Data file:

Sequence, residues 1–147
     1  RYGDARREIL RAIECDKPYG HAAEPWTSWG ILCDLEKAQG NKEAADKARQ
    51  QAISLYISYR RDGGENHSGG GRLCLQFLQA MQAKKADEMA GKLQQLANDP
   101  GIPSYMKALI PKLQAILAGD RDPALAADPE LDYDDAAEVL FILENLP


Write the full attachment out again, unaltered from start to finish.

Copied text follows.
Sequence, residues 1–147
     1  RYGDARREIL RAIECDKPYG HAAEPWTSWG ILCDLEKAQG NKEAADKARQ
    51  QAISLYISYR RDGGENHSGG GRLCLQFLQA MQAKKADEMA GKLQQLANDP
   101  GIPSYMKALI PKLQAILAGD RDPALAADPE LDYDDAAEVL FILENLP